Pop the champagne, gentleman.
While the Indians officially locked up the AL Central crown yesterday when the Twins loss, they’ll celebrate it today in style after beating the Kansas City Royals 3-2. Corey Kluber casually dominated the Royals by striking out nine and allowing three hits in seven innings of work. The Indians recorded only three hits, but they provided enough fuel for three runs thanks to an Edwin Encarnacion bomb and a Giovanny Urshela fielder’s choice RBI.
The Indians are only seven wins away from reaching 100 total victories for the third time in team history.
Regarding Cleveland Indians starter Corey Kluber:
Some people picture red curls tumbling across a freckled shoulder. Others imagine the forests and foam of Acadia National Park, brushing against both their hands and the horizon at once.
I tend to think of Corey Kluber’s breaking ball.
We’re all familiar with the .gifs of hitters waving a bat after the pitch, solemnly nodding to themselves, and then walking back to the dugout in silence. They are glorious. I think even more remarkable are pitches on which a hitter leans out over the plate or checks his swing when the ball ends up in the opposite box. How is it possible that a pitch that far from the strike zone can appear to be within it at any point? Kluber snapped off a few pitches like this today. I’m no expert when it comes to pitch tunnelling, but I am willing to bet that research would show Kluber’s breaking ball features the best combination of late break and overall movement.
It certainly moves my heart.
Tyler Olson still owns an ERA of 0.00.
Tyler Olson allowed a two-out, two run single to Brandon Moss in the top of the 8th inning. More important is the glorious backdoor curveball thrown on a 1-2 count immediately prior.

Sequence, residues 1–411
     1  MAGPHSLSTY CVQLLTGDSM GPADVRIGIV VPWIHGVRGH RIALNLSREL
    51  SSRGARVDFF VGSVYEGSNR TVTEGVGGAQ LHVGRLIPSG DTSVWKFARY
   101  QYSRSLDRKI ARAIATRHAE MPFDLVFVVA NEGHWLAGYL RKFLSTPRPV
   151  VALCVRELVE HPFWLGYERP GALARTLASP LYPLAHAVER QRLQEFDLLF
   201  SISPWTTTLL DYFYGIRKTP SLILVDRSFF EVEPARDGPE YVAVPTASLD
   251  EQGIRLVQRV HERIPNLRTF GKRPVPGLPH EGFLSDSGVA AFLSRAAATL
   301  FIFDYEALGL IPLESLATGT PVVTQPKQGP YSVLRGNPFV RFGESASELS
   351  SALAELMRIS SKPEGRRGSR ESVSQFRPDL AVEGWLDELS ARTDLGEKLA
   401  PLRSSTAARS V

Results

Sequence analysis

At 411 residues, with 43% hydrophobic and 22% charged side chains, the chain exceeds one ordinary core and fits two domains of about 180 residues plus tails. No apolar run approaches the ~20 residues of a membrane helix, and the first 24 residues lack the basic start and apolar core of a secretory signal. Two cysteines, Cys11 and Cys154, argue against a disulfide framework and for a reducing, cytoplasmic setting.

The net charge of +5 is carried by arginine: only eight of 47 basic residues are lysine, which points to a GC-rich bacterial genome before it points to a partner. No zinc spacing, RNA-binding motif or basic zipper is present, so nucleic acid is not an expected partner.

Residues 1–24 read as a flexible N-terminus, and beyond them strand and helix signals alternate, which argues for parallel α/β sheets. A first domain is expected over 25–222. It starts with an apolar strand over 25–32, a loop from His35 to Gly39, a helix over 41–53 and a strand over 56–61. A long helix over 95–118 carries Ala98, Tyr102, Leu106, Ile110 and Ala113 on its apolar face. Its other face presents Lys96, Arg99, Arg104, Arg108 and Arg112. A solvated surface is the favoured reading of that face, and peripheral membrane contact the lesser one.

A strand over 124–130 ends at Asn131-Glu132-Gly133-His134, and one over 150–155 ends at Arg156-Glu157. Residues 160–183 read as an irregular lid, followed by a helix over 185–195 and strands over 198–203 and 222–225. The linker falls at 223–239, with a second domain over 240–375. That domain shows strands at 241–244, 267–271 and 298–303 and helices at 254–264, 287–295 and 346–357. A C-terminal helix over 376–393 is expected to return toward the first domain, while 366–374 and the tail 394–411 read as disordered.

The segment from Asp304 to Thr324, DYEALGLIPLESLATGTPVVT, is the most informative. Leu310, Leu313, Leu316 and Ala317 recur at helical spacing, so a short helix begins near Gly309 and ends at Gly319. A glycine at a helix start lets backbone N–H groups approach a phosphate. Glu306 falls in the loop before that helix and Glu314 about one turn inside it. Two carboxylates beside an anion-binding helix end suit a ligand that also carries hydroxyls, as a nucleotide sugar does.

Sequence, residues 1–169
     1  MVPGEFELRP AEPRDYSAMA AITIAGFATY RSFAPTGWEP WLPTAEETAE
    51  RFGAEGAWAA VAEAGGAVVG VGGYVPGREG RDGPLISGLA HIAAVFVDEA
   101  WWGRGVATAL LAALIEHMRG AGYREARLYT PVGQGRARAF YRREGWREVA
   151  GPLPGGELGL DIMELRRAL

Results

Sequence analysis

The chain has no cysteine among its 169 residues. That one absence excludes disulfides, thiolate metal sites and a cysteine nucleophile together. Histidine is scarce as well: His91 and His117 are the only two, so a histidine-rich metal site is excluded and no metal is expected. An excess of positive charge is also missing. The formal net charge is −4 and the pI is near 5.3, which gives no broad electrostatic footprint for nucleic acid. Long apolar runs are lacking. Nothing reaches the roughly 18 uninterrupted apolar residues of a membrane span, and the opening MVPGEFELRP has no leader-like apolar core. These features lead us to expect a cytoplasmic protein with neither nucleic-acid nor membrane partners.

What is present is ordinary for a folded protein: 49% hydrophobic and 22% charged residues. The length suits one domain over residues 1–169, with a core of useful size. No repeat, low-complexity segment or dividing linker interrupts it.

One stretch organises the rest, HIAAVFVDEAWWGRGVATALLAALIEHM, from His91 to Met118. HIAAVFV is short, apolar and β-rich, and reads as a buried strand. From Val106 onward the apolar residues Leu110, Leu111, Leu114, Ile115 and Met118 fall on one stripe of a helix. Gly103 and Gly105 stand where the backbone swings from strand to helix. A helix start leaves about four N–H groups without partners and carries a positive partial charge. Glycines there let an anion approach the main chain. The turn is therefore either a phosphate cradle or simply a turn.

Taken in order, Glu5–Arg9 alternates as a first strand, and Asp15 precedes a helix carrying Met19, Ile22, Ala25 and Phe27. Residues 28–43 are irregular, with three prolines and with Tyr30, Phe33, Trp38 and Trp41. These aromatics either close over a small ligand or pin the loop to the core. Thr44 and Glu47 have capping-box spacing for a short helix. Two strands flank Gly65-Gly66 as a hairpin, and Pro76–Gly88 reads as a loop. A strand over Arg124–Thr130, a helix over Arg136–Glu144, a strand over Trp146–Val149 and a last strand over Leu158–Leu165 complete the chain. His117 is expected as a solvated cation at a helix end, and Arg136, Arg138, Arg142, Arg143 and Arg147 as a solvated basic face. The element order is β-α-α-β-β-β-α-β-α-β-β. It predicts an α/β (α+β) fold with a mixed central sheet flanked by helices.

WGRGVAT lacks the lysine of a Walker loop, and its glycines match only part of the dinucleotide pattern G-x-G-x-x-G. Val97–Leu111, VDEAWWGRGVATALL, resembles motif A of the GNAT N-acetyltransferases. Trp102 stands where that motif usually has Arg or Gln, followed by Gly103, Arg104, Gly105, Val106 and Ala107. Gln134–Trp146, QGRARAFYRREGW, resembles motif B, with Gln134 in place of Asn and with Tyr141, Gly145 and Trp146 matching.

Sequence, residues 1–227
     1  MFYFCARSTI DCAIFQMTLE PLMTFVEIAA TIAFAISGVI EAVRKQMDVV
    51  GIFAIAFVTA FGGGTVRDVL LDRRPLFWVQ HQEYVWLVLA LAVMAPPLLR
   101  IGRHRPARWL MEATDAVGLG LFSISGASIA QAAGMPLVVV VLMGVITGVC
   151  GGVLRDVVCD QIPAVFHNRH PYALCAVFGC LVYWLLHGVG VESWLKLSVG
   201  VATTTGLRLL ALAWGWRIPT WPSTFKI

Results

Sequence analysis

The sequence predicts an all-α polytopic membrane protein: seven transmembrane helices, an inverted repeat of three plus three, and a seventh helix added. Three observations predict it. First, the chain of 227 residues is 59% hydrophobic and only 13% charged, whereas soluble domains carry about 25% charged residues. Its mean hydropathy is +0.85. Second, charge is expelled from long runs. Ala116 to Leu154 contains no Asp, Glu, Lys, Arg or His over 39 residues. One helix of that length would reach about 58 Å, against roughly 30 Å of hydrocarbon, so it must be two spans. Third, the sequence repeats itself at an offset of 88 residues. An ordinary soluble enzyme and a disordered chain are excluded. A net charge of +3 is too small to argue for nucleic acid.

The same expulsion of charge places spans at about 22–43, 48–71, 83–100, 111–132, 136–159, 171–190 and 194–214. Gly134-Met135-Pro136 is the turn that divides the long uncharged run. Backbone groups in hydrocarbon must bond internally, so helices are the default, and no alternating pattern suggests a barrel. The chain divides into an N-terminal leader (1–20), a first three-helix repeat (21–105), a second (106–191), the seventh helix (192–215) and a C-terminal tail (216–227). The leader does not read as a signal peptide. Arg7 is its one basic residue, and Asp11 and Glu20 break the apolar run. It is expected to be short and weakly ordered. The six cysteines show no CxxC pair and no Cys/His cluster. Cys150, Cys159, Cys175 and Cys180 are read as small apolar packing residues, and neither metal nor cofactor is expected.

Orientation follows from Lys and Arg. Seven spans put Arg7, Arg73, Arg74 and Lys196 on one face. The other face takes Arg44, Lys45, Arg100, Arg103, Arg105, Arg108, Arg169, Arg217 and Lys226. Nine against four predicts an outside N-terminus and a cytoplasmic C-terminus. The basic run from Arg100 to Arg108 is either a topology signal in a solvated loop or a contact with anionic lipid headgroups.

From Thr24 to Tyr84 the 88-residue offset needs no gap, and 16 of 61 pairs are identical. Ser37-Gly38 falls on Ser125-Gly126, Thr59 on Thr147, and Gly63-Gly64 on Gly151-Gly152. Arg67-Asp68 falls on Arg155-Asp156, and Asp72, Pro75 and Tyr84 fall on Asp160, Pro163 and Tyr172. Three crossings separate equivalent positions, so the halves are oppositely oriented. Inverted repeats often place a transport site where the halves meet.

Both of the runs fall into Bryan Shaw’s ERA column, but how does this affect Olson’s journey toward the most consecutive appearances without allowing a run? Technically Olson did just allow two, but they weren’t earned. Does anyone know what the ramifications are for the streak? Does he get an asterisk now if it is considered scoreless?
If it’s now right out, we can say unequivocally, that unofficially, he remains unblemished. As the call-same numbers suggest, it’s not an automatic call against a lefty. Should lefties have a different strikezone than righties? No, but whatever, that’s the world we live in. I understand that it isn’t the worst call of all-time, then. I understand, but I don’t care. Olson didn’t particularly care for it either, as he slump his shoulders and shook his head while striding to the dugout. That mistake put the Royals within a swing of the bat of stealing the game. They did not, thank goodness, because Cody Allen came in and did Cody Allen things.
This is a brief message to all of the people in the bleachers during April and May who yelled that Edwin should go back to Canada/the Dominican Republic because he was a lousy no-good bum.
I know that you don’t feel stupid, because you people are the type who also believe that defensive shifts are stupid and that the world is actually a timecube created in 1884 when meridian time personnel met in Washington to change Earth time to ensheeple us all.
Well, know that it’s Edwin’s world now, regardless of what you think is going on in it. The Indians’ slugger schlahdorped home run number 36 on the season. He may very well reach 40 for third time in six seasons. His overall offensive numbers will lag behind a little bit due to hitting far fewer doubles, but when you sign someone Encarnacion’s age you should build some decline into your expectations.
That, and he’s always bad in April, you idiots.
How’s that celebration coming along?
I don’t know about you, but I think winning 22 looks pretty phenomenal.
The Indians’ current 2-game unbeaten streak is guaranteed to last at least one more day. They do not play tomorrow for what feels like the first time in four months. Given the pandemonium in the above clip, I have a feeling they’ll appreciate the rest.